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6. New Manchester Mill Ruins, Sweetwater Creek State Park, Lithia Springs

Ruins of a mill in the woods.
Source: Flickr/Shane Clements

Many visitors to Sweetwater Creek State Park overlook New Manchester Mill Ruins and its tremendous history. Originally called Sweetwater Mill, this 1849 factory used the flowing creek water to power the cotton mill processes. Near the end of the Civil War, Union troops set the mill ablaze, destroying all but the brick walls. Hiking trails lead visitors to the green, lush grotto where foliage all but covers the crumbling remains of the once prosperous manufacturing structure.

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7. Kraken Springs Watersports Park, White

People in scuba gear next to a wood dock.
Source: Facebook/Kraken Springs Watersports Park

Get your family together for scuba diving at Kraken Springs Watersports Park, the only recreational open-water diving resort in Georgia. Once known as Dive Georgia Quarry, it features four training platforms, two buoyancy rings, and over 12 sunken treasure to explore. Besides swimming among brim, bass, catfish, and turtles, check out the steam shovel, school bus, jet ski, cars, and lots more at depths from 20 feet to 145 feet. Whether you’re an experienced diver or donning your first wet suit, this strictly scuba park includes a full range of rental equipment along with expert instructors.

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8. Cloudland Canyon State Park, Rising Fawn

Waterfall over a rocky cliff.
Source: Flickr/Jeff Gunn

Sneak a peek at the stunning views nestled against the canyon walls of Cloudland Canyon State Park, one of the state’s true hidden gems. Several trails lead down into the canyon, giving you breathtaking views of the canyon, bluffs, and dense, lush forest. Singing creeks meander through the valley, dancing over bluffs and ledges, creating mesmerizing waterfalls along the way.

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9. BAPS Shri Swaminarayan Mandir, Lilburn

Ornate building in pure white.
Source: Flickr/Lee Coursey

Made of thousands of from India, BAPS Shri Swaminarayan Mandir is the largest Hindu temple in America. The mandir contains 36,000 pieces of Indian pink sandstone, Turkish limestone, and Italian Carrara marble, all carved in India and designed to fit together like a puzzle. Artisans engraved reliefs, statues, and interwoven designs into the stones as part of the preparation process. Whether you visit to worship, to relax, or to admire the striking architecture, note the five towering pinnacles, 116 arches, 340 columns, and 86 decorative ceilings. The temple, which stands on 30 acres, welcomes the public.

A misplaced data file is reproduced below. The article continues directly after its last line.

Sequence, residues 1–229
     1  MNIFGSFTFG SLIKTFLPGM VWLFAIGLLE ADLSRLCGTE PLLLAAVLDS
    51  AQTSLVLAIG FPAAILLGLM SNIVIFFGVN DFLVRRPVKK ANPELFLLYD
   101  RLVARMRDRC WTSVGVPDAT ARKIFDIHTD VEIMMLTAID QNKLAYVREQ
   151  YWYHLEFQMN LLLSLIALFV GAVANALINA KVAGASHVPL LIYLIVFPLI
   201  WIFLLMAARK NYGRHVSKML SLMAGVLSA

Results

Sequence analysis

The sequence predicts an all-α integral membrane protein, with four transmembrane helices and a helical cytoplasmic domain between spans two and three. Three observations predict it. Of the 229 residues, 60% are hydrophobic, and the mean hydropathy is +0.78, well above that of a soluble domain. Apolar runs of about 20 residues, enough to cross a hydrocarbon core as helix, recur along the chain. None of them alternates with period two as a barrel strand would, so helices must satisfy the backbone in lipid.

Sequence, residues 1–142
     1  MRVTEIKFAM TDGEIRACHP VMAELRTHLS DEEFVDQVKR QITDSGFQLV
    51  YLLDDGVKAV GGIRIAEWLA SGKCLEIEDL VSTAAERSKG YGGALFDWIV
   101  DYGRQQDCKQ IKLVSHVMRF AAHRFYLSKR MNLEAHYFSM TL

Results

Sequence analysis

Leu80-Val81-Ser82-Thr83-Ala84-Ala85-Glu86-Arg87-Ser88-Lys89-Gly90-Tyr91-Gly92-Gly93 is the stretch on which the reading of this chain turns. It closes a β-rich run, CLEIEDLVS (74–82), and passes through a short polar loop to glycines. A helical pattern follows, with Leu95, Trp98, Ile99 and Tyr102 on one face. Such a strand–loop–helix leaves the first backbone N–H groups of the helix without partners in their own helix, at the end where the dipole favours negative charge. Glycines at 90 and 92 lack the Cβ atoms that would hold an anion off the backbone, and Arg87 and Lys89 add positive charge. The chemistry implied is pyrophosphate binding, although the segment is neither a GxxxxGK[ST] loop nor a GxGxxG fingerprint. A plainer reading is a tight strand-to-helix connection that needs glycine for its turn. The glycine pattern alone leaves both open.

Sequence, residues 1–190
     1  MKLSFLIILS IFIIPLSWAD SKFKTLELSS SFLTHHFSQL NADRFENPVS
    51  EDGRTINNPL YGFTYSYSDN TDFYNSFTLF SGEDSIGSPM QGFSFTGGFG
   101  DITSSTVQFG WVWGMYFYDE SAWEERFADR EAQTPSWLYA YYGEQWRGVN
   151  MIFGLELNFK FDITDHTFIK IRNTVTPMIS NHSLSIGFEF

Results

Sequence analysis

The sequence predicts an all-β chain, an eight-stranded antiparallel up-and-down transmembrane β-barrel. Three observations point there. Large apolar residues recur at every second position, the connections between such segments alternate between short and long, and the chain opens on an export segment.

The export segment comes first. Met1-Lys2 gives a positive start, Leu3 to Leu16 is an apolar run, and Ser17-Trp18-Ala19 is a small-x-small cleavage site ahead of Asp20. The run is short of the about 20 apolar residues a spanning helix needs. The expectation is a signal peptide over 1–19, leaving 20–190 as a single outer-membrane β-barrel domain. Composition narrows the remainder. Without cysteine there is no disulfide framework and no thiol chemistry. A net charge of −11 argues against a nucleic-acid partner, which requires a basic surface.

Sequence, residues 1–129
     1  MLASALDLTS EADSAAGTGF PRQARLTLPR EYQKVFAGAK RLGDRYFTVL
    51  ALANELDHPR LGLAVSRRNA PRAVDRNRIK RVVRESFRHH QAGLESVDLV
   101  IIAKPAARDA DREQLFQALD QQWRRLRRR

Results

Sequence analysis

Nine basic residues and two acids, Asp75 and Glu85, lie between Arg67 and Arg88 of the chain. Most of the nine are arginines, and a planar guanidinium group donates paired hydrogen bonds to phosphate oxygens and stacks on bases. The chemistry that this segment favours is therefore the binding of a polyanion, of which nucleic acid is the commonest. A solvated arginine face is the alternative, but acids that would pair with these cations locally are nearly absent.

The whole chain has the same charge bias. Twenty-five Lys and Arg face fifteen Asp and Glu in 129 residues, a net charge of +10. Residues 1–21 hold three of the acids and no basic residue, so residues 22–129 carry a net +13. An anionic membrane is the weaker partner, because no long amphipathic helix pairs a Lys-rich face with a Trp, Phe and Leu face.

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10. Providence Canyon State Outdoor Recreation Area, Lumpkin

Rocky cannon surrounded by trees.
Source: Wikimedia Commons

Providence Canyon State Outdoor Recreation Area features hiking trails that meander through stunning landscapes and varying terrain. Named as one of the state’s Seven Natural Wonders–and dubbed “Georgia’s Little Grand Canyon”–this unique canyon resulted from poor soil management in which inexperienced farmers plowed deep furrows that grew into ravines as a result of wind and rain. Yes, human error gave us the eye-popping canyon walls in this scenic anomaly where rusting 1950s vehicles exist amid rare Plumleaf Azaleas. As you stroll a long the hiking trails, look for the 1859 Providence Methodist Church and its cemetery where some of the early settlers rest. There’s a picnic area and a playground accompanying the trails that require diverse degrees of hiking ability.